In 25 years of providing support and solutions to the mortgage industry, we've seen a little bit of everything. But there's almost nothing we hate to see as much as a lien release that comes back rejected – especially when it's completely avoidable.
Lien release rejection leaves lenders at risk, because it creates a break in the custody of the underlying property. Lenders can't move forward and it can take months to correct. Plus to make matters worse, the penalties for non-compliance of state statutes that could be levied on the lender will have a dramatic effect on their bottom line.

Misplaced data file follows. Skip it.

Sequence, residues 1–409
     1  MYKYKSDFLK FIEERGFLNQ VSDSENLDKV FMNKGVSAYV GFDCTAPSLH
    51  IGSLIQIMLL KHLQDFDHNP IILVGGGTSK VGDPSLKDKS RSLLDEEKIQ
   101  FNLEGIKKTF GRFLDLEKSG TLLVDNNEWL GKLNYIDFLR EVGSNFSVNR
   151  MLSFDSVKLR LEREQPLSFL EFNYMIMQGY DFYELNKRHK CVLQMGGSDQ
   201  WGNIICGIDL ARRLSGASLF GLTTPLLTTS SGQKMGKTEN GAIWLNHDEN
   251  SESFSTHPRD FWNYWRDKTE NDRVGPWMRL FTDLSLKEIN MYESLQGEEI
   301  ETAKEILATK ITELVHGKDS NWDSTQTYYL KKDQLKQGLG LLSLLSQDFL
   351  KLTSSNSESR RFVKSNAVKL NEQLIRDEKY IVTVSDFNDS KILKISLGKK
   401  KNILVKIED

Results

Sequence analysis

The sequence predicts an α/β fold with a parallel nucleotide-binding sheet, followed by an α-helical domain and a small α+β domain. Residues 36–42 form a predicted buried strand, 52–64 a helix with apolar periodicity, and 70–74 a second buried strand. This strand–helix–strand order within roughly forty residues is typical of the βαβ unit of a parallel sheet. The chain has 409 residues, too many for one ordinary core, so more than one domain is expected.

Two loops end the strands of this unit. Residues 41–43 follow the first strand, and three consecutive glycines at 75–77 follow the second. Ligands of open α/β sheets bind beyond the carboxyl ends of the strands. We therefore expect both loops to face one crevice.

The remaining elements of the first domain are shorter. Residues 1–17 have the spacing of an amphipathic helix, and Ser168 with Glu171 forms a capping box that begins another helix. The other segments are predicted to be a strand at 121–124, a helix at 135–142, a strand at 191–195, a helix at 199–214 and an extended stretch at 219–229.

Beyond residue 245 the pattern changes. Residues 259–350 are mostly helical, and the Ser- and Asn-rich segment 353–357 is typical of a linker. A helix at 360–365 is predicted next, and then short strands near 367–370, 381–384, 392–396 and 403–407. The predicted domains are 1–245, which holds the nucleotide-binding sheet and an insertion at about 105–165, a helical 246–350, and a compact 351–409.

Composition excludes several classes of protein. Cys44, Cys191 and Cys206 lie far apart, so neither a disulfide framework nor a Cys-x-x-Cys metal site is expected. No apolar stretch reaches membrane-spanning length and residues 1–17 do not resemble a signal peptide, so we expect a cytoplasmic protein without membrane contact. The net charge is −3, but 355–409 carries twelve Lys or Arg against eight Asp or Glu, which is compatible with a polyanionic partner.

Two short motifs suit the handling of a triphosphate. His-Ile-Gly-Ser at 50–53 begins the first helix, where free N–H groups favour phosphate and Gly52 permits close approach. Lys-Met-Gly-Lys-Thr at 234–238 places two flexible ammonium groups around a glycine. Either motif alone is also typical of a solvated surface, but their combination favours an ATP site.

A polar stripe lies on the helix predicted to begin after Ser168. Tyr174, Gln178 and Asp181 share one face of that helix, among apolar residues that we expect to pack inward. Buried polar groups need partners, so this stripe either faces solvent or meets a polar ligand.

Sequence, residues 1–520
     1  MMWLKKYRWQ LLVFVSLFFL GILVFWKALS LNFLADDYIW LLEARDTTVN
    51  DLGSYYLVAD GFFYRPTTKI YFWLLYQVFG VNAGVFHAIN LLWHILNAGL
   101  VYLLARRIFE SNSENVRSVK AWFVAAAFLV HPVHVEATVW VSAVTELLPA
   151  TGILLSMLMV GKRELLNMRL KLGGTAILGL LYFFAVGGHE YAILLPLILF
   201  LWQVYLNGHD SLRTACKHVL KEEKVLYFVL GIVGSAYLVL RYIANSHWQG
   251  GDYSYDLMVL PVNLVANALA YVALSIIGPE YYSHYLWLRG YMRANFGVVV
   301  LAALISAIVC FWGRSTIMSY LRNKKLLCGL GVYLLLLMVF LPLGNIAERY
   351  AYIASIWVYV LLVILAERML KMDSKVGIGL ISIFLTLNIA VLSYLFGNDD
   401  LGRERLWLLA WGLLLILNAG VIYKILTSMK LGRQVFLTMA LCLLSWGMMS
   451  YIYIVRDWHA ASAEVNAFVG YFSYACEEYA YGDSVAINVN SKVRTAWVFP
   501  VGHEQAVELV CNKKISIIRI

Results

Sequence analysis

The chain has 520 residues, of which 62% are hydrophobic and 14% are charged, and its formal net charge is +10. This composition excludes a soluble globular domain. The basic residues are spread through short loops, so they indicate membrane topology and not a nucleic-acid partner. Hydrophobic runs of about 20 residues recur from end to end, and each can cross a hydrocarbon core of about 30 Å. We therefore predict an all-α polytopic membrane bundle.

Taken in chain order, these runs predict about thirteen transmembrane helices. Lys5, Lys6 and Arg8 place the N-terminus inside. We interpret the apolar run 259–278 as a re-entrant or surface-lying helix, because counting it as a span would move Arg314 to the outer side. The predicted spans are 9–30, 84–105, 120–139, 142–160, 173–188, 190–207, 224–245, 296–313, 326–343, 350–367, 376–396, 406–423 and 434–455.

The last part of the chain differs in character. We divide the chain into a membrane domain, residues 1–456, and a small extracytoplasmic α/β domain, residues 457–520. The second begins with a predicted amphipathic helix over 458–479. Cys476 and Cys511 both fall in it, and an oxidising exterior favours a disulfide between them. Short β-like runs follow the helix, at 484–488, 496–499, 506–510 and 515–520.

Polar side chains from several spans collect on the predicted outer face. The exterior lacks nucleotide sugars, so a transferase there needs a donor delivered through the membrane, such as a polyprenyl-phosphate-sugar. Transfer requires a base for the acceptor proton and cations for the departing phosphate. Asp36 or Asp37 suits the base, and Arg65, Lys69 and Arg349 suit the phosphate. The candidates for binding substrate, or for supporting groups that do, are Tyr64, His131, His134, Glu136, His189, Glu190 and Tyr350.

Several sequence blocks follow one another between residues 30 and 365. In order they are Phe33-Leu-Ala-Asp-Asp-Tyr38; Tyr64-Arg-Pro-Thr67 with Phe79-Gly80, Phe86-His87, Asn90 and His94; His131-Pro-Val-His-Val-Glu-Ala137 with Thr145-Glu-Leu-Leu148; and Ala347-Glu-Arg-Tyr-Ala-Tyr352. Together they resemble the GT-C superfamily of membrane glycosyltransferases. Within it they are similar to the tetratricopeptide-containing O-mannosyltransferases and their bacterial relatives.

But as disruptive as lien release rejection can be, it is, unfortunately, a common occurrence. That's partly because there are so many ways a lien release can be rejected at one of the more than 3,600 recording offices across the United States. Here are the top reasons lien releases are rejected, and how to avoid them.text